‘Friends’: Why Monica and Chandler’s Relationship Was Never Intended to Happen

When people think of Friends, there’s a good chance that Ross and Rachel’s beautiful, crushing, frustrating, heartwarming, will-they-or-won’t-they relationship comes to mind. But Monica and Chandler were arguably a way better couple.

Unlike Ross and Rachel, they were not off-and-on and on-and-off. They were simply two longtime friends who gradually developed feelings for one another and went on to have a strong and healthy relationship — a relationship that almost everyone desires.

And that’s why it’s so wild to know that Monica and Chandler were almost never a thing.

Matthew Perry as Chandler Bing, Courteney Cox as Monica Geller-Bing
Matthew Perry as Chandler Bing, Courteney Cox as Monica Geller-Bing | Photo by: Danny Feld/NBCU Photo Ban

The revelation came in a new book

It came in a novel that honors the 25th anniversary of the show.

According to Saul Austerlitz’s new book, Generation Friends: An Inside Look at the Show That Defined a Television Era, their romance was not supposed to happen — or at least last very long.

Austerlitz writes that their relationship “began as a whim.”

“When the second season was being planned, one of the writers tossed out an idea: ‘What if we get Chandler and Monica together?’” he writes (via People). “The thought was intended less as a permanent shift in the gravity of the series and more as a fun plotline, good for a few episodes before the status quo snapped back into place.”

One writer said the idea seemed “a little desperate,” and the team decided to leave it alone until season 4. People reports that the idea came up again “when someone suggested it as a funny conclusion to Monica’s drunken night of self-doubt during Ross’ London wedding to Emily.”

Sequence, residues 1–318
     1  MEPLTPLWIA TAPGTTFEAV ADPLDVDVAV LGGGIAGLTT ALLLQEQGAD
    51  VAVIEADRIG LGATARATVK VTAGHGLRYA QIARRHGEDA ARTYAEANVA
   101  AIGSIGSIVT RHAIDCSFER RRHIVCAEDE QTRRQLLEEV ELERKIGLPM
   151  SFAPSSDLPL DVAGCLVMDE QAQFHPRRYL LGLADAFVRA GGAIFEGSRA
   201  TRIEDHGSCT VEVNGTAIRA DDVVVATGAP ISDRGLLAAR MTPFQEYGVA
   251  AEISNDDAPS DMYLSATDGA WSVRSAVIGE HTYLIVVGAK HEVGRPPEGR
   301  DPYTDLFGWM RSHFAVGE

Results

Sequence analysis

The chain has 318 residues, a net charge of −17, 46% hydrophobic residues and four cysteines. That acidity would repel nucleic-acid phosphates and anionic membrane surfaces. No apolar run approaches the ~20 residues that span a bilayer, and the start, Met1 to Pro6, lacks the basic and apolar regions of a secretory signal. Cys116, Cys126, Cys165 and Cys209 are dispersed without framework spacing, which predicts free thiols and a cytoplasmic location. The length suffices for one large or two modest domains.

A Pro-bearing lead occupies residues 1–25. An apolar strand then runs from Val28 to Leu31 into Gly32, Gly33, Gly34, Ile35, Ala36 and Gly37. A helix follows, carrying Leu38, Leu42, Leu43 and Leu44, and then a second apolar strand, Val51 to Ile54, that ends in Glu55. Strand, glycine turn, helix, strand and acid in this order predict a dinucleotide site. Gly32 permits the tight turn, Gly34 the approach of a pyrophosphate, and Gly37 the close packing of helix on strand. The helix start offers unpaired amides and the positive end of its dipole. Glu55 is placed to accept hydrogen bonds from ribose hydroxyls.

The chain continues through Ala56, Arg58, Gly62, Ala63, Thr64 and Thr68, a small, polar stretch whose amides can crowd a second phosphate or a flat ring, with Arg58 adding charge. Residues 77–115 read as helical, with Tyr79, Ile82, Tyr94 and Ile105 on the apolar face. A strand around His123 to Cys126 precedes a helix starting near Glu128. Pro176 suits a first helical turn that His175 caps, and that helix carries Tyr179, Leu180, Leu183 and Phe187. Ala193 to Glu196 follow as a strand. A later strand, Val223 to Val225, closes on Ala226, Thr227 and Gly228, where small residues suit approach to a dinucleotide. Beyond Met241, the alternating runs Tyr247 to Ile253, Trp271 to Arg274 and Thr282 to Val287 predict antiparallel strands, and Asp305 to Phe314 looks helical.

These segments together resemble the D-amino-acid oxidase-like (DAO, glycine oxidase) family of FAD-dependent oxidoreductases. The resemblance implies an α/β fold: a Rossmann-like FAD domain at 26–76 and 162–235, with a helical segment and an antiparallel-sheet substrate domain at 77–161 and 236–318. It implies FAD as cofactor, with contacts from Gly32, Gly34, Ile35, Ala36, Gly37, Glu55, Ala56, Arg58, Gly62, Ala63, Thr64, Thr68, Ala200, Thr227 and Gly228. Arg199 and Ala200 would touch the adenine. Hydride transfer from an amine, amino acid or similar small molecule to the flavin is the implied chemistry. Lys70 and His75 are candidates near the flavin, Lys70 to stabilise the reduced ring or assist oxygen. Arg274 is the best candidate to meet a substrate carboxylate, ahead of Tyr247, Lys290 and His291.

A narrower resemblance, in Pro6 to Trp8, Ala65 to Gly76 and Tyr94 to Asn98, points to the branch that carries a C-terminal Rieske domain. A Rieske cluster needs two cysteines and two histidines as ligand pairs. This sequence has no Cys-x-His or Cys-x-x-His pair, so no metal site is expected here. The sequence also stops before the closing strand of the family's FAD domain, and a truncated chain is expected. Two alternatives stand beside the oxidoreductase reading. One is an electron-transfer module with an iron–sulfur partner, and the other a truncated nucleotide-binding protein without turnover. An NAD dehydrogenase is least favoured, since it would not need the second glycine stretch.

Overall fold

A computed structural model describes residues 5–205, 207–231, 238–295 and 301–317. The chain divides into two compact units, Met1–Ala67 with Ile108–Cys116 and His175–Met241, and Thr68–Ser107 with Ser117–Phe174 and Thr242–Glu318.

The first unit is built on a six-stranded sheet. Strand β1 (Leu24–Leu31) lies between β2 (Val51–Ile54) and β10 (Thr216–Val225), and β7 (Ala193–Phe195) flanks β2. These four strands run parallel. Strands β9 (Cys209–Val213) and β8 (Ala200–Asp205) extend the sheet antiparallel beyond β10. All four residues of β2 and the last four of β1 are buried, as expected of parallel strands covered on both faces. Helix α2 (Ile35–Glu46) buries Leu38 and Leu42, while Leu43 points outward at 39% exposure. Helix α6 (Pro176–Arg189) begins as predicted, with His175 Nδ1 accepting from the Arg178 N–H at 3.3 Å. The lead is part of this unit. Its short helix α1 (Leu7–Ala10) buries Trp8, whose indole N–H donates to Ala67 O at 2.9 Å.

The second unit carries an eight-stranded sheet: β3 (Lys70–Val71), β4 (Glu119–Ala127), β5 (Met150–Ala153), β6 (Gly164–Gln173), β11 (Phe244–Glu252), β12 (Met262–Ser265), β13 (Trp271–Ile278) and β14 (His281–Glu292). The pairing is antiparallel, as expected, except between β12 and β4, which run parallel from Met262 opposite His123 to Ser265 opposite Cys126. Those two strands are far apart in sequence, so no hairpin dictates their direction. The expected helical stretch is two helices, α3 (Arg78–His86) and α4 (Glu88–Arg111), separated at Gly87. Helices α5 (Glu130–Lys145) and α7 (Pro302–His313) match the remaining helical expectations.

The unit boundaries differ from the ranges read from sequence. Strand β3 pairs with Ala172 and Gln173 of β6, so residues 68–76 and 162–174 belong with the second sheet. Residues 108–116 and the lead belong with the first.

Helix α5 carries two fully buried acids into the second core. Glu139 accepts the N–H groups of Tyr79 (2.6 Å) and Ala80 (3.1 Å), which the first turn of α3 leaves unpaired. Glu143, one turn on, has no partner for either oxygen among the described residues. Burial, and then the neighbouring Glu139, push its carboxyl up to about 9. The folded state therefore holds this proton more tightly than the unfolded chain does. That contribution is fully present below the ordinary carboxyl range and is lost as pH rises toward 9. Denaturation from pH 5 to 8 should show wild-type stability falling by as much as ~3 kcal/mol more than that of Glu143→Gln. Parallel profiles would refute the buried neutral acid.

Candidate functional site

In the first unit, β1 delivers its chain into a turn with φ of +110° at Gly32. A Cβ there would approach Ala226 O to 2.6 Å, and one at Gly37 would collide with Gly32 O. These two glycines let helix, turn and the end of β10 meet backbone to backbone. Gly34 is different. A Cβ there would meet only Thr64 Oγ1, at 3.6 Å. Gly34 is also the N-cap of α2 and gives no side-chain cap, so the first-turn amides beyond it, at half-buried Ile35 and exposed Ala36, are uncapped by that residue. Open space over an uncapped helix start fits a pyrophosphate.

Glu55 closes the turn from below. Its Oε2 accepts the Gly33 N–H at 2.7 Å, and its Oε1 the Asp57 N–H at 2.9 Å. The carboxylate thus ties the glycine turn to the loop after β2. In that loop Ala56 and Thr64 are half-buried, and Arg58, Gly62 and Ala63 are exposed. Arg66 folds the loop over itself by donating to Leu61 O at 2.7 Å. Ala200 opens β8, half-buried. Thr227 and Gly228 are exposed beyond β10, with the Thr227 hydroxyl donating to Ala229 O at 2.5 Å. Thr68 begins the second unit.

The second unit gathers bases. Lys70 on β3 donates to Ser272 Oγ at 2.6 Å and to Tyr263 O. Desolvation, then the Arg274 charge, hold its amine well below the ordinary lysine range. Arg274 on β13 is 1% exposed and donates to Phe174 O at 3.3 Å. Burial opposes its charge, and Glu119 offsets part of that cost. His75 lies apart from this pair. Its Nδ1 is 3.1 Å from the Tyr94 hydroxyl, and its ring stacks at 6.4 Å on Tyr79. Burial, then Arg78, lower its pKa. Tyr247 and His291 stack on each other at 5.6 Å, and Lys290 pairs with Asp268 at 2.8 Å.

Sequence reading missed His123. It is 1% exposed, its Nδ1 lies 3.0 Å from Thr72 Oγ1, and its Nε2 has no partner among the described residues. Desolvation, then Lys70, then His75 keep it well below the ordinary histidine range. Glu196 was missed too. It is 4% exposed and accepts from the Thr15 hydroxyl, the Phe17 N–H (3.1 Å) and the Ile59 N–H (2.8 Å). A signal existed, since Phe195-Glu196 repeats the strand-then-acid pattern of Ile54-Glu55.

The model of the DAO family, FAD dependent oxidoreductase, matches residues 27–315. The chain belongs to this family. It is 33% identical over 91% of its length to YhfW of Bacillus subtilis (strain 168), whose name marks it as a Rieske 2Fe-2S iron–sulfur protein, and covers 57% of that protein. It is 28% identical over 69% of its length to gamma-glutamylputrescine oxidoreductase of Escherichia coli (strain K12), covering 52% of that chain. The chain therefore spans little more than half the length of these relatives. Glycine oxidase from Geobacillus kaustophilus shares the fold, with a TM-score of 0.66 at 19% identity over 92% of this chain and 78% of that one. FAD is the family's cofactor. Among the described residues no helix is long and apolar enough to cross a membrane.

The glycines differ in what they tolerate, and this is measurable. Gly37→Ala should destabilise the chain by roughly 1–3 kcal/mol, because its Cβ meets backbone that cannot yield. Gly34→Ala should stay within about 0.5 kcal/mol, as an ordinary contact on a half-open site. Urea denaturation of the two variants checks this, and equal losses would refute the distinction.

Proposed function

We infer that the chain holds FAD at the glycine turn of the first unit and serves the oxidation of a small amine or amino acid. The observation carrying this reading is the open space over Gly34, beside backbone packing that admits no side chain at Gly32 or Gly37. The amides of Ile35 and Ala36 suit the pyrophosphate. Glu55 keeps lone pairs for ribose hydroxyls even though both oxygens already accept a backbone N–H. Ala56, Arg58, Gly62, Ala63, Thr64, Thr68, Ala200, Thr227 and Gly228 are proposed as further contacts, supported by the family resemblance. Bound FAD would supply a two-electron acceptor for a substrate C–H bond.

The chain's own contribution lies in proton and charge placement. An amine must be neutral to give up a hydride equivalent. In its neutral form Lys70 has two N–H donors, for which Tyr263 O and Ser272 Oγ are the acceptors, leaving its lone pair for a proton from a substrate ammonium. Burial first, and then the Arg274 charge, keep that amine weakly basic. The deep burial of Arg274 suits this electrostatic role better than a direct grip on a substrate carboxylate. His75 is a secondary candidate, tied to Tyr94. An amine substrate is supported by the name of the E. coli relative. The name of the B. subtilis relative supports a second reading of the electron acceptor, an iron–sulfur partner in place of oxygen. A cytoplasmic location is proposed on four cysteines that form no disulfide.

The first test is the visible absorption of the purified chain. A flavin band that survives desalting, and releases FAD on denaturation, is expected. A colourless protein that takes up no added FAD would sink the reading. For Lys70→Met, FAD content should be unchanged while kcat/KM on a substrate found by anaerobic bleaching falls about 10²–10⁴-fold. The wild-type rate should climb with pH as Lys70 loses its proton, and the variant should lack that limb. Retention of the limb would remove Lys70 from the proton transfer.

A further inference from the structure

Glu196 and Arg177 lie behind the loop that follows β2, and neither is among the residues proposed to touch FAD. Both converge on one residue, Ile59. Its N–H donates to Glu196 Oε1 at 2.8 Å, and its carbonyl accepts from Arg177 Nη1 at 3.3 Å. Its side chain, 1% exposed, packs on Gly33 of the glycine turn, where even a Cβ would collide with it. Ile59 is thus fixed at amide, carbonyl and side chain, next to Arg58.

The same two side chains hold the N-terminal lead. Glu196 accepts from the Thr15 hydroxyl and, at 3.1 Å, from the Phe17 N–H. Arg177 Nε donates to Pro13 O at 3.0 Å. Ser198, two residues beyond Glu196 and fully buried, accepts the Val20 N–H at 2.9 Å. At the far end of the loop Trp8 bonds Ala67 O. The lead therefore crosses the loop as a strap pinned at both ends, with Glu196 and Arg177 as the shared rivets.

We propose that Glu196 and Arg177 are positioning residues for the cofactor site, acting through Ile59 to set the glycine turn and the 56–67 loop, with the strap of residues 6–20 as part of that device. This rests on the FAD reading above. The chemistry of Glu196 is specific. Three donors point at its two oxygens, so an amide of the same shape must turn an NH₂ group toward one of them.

According to the book, the idea once again received mixed reactions. “There was a fear … that bringing Chandler and Monica together would be perceived as near-incestuous” since they had been such good friends.

Courteney Cox as Monica Geller, Matthew Perry as Chandler Bing
Courteney Cox as Monica Geller, Matthew Perry as Chandler Bing | Photo by NBC/NBCU Photo Bank via Getty Images

Writers later agreed to the plot

Everyone eventually got on board, believing that it would just be a one-time affair. But when they shot the scene, the studio audience apparently went wild.

“The cheers and hoots of delight went on and on, drowning out the performers and shaking the room,” Austerlitz writes.

The writers reportedly took advantage of that reaction. Monica and Chandler went on to date, get married, and adopt twins.

Executives previously opened up about the decision to make Monica and Chandler a thing

Executive producer Scott Silveri told Vulture in 2013 that writers wanted to introduce a new couple after Ross and Rachel took their infamous “break.”

“The thinking was, if the show’s going to be entertaining for years to come, it can’t simply rest on this one [Ross and Rachel] relationship,” Silveri explained. “So it follows that if another pair got together, that would be fun and provide more story. And it’s organic: If you get six friends together, all around the same age, there’s gonna be a little mixing and matching as time goes on. It felt real.” 

Then the hook-up episode was born.

“When Monica popped up from beneath the sheets, there was just this explosion from the audience,” Silveri said of the taping. “It was a combination of a laugh/gasp/cry/shriek. They were just blown away by it. It was so intense, for the second or third takes, instead of watching the monitors, I just turned around and watched the audience.”

Silveri added that Monica and Chandler’s eventual relationship helped the show last as long as it did.

“If you didn’t have a Monica-and-Chandler relationship, if the center of Friends had remained Ross and Rachel, you would’ve seen a much shorter shelf life for the show,” he continued. “Without Monica and Chandler, it ends three years earlier. I don’t owe my whole house to them, but at least two bedrooms and a bath are because of them.”